We are deep in the throes of summer, so the heat is remarkable in many areas of the country. Additionally, this month new OSHA regulations and fines go into effect. It is best to be aware. Matt Rhoney offered this post that deals with both of these topics. I hope you learn the lessons Matt teaches us.
Summer time is often a busy and profitable season for individuals who work outdoors, but it can also be a hazardous time of year. Construction work, for instance, can be dangerous and challenging year round, but once the summer heat arrives, it’s even more important to stay safe while on the job. Whether you are doing some simple yard work at home or you work hard on road or building construction, here are some tips for staying safe while working outdoors in the summer heat and sun:
Construction work can be strenuous and put you at risk for injuries and even death. According to Hardison & Cochran, construction is one of the most dangerous of occupations and an accident such as falling from a ladder or suffering from a heat related illness on a hot day, can have life changing results. One of the best ways to prevent heat illness from occurring is by staying hydrated throughout the day. Experts recommend drinking water every 15 minutes, even when you aren’t thirsty, rather than waiting until you are thirsty. If you are adequately hydrated, your body is more likely to work efficiently (sweat) in the heat and you are less likely to suffer from heat stroke.
Know the Signs and Symptoms of Heat Illness
Construction work, in particular, is often fast paced with many deadlines to meet and at times, there may not seem like a chance to have any down time. When working in the summer heat, a heat illness, such as heat exhaustion or heat stroke, can come on quickly and unexpectedly so it’s important to know what to look for before you become seriously affected by the heat. The first sign of a heat illness is muscle cramping. If this occurs, it’s time to take a break, cool down, and drink some water.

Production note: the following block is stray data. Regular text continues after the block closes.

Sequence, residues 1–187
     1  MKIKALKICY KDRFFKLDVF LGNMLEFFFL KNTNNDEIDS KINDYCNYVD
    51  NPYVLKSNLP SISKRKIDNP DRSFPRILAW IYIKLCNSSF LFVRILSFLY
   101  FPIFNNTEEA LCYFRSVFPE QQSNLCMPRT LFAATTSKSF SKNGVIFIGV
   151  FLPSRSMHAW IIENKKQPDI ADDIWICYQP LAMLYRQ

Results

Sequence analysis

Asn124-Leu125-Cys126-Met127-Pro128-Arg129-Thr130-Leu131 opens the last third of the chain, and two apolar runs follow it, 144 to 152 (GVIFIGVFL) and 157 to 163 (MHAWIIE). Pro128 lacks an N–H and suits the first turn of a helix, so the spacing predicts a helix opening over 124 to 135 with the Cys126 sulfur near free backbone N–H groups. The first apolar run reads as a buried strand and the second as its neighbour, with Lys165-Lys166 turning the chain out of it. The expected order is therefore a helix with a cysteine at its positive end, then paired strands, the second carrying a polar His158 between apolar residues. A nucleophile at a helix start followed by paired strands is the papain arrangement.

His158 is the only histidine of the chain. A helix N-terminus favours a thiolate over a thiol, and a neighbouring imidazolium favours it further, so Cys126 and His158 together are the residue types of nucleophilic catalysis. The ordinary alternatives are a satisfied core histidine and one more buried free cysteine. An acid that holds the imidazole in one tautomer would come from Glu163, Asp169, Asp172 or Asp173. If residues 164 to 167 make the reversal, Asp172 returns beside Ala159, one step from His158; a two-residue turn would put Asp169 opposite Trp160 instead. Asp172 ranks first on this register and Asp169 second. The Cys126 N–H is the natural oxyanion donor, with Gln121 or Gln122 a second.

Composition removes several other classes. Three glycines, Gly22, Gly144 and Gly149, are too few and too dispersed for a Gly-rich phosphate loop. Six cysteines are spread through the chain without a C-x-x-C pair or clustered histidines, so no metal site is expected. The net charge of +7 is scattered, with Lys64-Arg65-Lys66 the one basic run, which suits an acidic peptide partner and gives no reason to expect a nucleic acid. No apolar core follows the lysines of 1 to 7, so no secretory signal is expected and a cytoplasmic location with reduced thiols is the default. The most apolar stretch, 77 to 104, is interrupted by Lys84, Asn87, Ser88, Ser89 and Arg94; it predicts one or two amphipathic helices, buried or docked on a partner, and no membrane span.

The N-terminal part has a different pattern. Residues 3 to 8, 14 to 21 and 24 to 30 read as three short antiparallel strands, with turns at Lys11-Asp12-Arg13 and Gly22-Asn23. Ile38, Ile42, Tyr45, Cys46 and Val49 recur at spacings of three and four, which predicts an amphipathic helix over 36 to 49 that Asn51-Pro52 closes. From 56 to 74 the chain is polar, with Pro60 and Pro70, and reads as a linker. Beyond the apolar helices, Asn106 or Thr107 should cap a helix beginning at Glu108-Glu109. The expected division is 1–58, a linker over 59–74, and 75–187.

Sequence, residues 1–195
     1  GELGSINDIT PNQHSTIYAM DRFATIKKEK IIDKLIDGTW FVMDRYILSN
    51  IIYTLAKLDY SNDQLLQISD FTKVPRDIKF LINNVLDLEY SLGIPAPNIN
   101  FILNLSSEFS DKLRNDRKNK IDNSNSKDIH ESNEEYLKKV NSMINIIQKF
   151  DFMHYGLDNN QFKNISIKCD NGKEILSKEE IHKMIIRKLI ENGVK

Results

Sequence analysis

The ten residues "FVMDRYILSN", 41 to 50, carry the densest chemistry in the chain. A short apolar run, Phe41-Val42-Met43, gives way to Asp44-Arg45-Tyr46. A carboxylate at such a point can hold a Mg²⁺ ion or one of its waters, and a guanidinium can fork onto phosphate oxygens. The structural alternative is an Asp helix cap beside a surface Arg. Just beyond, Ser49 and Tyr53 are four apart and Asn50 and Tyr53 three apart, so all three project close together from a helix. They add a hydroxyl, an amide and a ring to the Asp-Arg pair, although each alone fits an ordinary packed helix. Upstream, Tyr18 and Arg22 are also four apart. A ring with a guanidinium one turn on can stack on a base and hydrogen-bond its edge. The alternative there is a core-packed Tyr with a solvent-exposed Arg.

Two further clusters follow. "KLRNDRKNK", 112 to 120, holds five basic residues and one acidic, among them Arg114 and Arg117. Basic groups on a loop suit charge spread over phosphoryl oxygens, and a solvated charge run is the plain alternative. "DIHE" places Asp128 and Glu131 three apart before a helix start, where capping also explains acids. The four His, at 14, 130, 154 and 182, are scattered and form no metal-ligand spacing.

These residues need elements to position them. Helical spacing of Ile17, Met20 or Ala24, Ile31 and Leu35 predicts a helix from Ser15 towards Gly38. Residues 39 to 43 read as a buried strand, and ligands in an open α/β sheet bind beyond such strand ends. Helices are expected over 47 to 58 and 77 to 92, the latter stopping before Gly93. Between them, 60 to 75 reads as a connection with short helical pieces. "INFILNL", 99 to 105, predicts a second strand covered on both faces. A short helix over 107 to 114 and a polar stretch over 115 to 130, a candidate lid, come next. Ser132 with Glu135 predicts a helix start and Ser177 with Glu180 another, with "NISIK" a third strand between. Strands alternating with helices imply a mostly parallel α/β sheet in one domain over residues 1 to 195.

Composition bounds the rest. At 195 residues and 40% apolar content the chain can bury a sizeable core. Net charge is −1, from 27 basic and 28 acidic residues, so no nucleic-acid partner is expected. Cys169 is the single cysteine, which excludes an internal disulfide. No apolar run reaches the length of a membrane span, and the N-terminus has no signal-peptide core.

According to the Centers for Disease Control and Prevention (CDC), heat exhaustion is often accompanied by heavy sweating, weakness, cold, pale, or clammy skin, a fast/weak pulse, fainting, and nausea or vomiting. If any of these symptoms occur, it’s best to move to a cooler location, lie down, loosen clothing, apply cool, wet cloths to the body, sip water, and seek medical attention if vomiting continues or any symptoms worsen.
While heat exhaustion is dangerous, heat stroke is considered a medical emergency and 911 should be contacted immediately. Heat stroke symptoms include a high body temperature above 103 degrees F, skin that is hot, red, dry or moist, a rapid/strong pulse, and possible unconsciousness. Someone with heat stroke should not be given fluids, but the same steps should be taken for someone with heat exhaustion.